pierrot grenade masquerade of Trinidad, and now the stock-in-trade of the Jamaican dub
singer and d.j.:
a man for all seasons and reasons (51)
in the news and views (52)
the more liable, and pliable (27)
I could feel my inspiration draining away like perspiration (54)

Phrases snatched from popular music also fulfil the function of cultivating easy rap-
port with his audience. The range extends from the calypso "Last train to San Fernando"
of the 1940s to the Mighty Sparrow's "Drunk and Disorderly" of the 1970s. And Spar-
row's pillage of the Bible for the perversely applied metaphor in "Jean and Dinah" finds a
parallel here in "I earned my piece of cunt by the sweat of my brow" (107). Moses also
modifies a favourite Christmas carol in "of a cold winter's morn" (13). He further
utilizes the lyrics of popular tunes like "Cat on a Hot Tin Roof' "Happy Days Are Here
Again", "Que sera, sera", and vulgarises the "To Arms" chorus of the "Marseillaise".
Similarly, the use of Trinidad English idioms capture with verisimilitude a casual
speaking voice:
if I lie I die (88)
I was mad to go and call (36)
mad to bust a cane in my arse (37)
every manjack (54)
he could well see (68)
we see some trouble (68)
irregardless (82)
you-all (90)
my blood take him (10)
every Friday please God (10)
make rab (i.e. 'behave in a disorderly fashion') (81)
you best hads (35)
it have a heaven which part (i.e. 'there's a heaven where') (20)
Trinidadian proverbial expressions also convey the tenor of a speaker rooted in the
verbal lore and philosophic mainstays of his culture:
monkey smoke your pipe (74)
when you crooked you bend (73)
after we is weevil (41)
as does his recourse to the words of a school game: "I spy with my little eye" (42).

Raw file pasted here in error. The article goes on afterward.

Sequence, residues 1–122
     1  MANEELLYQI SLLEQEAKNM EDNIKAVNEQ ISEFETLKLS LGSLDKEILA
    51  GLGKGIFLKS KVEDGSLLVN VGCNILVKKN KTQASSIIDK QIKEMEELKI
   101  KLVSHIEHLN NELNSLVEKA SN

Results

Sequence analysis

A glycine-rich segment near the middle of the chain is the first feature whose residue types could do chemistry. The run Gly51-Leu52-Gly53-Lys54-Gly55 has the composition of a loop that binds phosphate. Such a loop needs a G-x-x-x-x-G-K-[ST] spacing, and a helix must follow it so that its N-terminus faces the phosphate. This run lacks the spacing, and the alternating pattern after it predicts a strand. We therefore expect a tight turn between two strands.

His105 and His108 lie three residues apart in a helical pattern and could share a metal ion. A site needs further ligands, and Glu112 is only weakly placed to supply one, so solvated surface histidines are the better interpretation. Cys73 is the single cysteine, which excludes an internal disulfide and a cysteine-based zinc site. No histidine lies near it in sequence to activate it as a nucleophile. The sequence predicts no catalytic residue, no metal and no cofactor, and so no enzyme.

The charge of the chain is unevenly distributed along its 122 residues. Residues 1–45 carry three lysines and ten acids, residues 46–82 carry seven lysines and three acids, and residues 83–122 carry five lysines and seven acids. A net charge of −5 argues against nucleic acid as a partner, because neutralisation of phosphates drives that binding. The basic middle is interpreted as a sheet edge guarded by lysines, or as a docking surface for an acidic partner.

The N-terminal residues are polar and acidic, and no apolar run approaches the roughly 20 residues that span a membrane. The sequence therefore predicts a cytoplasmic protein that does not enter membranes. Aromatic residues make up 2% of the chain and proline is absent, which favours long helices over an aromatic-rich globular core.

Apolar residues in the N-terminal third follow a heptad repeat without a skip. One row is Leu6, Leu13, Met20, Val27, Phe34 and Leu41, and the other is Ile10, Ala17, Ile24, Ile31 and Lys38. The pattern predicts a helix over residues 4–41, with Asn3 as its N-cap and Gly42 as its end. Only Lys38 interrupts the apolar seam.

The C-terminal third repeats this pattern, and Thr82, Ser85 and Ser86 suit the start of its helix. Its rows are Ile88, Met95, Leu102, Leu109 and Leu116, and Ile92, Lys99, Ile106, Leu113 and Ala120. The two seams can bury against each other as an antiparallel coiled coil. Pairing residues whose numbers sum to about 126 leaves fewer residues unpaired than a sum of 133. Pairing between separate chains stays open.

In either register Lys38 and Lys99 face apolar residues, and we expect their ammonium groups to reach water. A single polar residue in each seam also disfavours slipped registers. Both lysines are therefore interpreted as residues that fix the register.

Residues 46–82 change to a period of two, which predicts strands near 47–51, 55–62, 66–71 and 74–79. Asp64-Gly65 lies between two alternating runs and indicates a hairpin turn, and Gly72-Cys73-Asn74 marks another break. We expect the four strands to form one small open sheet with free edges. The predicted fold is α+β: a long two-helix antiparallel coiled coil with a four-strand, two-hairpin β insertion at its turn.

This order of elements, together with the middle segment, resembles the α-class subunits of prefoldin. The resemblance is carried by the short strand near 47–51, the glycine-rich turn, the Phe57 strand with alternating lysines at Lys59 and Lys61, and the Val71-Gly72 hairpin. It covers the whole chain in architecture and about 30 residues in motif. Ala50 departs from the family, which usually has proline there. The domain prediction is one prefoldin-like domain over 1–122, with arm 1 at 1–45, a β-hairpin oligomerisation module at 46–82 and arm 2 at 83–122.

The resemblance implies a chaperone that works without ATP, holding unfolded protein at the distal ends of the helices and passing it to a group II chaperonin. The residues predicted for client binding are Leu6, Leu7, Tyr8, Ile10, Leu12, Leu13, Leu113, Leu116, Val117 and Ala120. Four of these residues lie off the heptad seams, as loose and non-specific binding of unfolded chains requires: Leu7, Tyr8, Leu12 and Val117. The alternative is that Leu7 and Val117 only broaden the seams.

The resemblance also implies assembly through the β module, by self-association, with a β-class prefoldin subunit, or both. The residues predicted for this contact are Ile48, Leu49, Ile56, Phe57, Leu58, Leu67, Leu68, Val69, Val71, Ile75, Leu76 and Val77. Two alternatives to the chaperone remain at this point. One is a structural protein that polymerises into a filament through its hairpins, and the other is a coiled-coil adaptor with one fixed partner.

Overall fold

Basilectal7 Trinidad English is also evidenced in grammatical usage: the lack of Sub-
ject-Verb concord -
was my mottos (10)
men was fighting (42)
as the dogs is so well trained (55)







the formal non-differentiation of past and present tenses -
he was ... roaming through bedsitter land, picking out secondhand miscellany he
need (7)
the invariant singular for plural noun designation -
woman thumping out left and right with kick and cuff (43)
the indiscriminate occurrence of "her" and "she" as Verb complement (see below);
double negation -
he would not of bought no end-of-terrace house (7)
and reliance on onomatopeia for dramatic aural effect -
bragadam, biff (76)

The real-life situation of diglossia which obtains in the language performance of the
majority of Trinidadians8 is reflected in the fact that Moses does not stick rigidly to
basilectal Trinidad English grammatical structures, but varies them with Standard
English even in semantically identical phrases, such as:
Bob pounce on she...he just grab hold of her and start to
drag she to the sofa (29)
woman was screaming, man was just thumping out left and right (43)
In addition, mesolectal9 hypercorrection10 surfaces in constructions like
the letters (103)
she must of realized (26)
But I didn't know nothing about sheeps (56)

The foregoing techniques are crucial in establishing for Moses a confidential tone.
But the I-narrator takes himself far too seriously to be content with this familiar, casual,
and no doubt to his way of thinking vulgar style. As a self made man literally on the
way up, and as a rather self-conscious artist, Moses can manipulate a formal statement-
of-fact contemporary Standard English register:
It was Sir Galahad who draw my attention to the property (7)
or the more effectively heightened register imparted by syntactic inversion:
Little did he dream (7)
He can speak too in the register of the business executive or bureaucrat:
I want a complete dossier on these Pakis...and furthermore you